One of the mysteries of the English language finally explained.
A means of travel or (in later use) a competitive event in which two (or more) people share one horse and take turns to ride the horse ahead and tie it up for the person (or persons) following behind on foot; (in extended use) the action of alternating or taking turns. Compare to ride and tie.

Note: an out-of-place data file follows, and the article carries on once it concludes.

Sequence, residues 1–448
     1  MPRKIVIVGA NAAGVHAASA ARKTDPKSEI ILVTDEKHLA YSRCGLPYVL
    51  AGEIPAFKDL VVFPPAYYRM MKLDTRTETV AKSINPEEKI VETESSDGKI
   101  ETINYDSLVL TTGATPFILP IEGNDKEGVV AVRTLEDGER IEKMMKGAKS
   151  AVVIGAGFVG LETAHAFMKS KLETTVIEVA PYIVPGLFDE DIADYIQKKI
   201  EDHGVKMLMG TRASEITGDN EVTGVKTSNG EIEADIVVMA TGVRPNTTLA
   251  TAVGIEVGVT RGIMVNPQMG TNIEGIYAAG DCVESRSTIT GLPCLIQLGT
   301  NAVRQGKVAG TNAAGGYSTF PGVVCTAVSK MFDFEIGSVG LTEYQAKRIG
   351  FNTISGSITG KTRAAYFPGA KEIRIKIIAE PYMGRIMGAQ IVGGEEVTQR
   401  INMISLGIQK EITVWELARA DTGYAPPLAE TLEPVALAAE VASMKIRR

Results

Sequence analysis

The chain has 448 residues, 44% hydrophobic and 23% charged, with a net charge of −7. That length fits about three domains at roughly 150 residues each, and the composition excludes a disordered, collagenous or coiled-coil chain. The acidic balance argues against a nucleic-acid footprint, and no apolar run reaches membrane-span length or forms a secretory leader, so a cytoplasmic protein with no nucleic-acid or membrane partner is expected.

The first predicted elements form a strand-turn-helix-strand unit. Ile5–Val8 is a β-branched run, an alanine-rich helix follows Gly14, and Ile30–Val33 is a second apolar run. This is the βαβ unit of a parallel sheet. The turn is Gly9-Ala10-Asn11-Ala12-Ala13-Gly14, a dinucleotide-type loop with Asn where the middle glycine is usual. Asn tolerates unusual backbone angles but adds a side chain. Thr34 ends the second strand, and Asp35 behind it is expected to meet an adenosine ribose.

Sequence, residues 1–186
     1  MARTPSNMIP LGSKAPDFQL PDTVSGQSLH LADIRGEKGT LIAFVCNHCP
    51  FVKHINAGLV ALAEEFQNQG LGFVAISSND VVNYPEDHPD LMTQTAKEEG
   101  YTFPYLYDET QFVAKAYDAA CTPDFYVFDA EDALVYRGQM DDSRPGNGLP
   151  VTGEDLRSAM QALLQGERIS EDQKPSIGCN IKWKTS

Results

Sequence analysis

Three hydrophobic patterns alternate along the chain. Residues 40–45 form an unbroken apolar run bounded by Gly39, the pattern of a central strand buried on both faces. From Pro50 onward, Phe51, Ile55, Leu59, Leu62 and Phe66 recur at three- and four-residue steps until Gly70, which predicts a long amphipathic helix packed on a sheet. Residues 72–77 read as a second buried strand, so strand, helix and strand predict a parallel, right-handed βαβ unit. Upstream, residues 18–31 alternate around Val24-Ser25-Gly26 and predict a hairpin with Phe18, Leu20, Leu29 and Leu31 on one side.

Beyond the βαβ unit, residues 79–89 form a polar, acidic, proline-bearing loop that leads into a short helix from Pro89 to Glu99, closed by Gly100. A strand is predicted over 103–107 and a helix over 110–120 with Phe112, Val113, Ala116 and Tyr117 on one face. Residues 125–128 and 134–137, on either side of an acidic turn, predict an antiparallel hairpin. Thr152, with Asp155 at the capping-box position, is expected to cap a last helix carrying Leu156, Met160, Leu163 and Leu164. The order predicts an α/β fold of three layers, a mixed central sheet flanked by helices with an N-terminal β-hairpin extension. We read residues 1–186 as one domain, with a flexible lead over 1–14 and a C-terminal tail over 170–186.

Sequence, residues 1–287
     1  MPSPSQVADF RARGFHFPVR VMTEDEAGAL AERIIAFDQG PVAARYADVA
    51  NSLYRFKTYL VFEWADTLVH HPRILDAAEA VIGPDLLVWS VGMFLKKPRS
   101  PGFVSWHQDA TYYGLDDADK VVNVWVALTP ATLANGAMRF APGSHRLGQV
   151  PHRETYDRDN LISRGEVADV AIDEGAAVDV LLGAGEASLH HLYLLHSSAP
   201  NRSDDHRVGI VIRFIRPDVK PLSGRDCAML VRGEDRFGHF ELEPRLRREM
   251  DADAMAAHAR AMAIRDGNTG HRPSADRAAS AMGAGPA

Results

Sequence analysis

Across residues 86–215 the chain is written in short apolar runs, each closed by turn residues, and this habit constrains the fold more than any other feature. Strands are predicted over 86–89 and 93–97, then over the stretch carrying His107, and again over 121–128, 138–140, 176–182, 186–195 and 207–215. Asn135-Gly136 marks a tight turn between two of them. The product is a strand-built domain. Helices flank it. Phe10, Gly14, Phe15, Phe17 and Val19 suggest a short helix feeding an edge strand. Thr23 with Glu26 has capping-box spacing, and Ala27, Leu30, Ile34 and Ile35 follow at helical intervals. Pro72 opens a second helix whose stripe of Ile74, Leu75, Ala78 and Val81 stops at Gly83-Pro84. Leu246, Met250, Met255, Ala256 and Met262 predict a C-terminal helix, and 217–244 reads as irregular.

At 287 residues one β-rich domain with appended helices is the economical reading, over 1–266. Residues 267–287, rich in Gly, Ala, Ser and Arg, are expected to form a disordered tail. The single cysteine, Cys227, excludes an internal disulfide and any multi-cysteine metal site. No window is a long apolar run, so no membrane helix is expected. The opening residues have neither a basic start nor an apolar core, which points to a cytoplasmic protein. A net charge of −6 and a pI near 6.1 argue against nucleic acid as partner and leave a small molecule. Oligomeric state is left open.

Frequently hyphenated. Of or relating to a means of travel or (in later use) a competitive event that involves shared alternate progress on foot and on horseback; (in extended use) that involves alternating or taking turns.
In a ride-and-tie manner.
Late 18th century; earliest use found in Tom Paine (1737–1809), author and revolutionary. From to ride and tie.
ride and tie/ˌrʌɪd ən(d) ˈtʌɪ/
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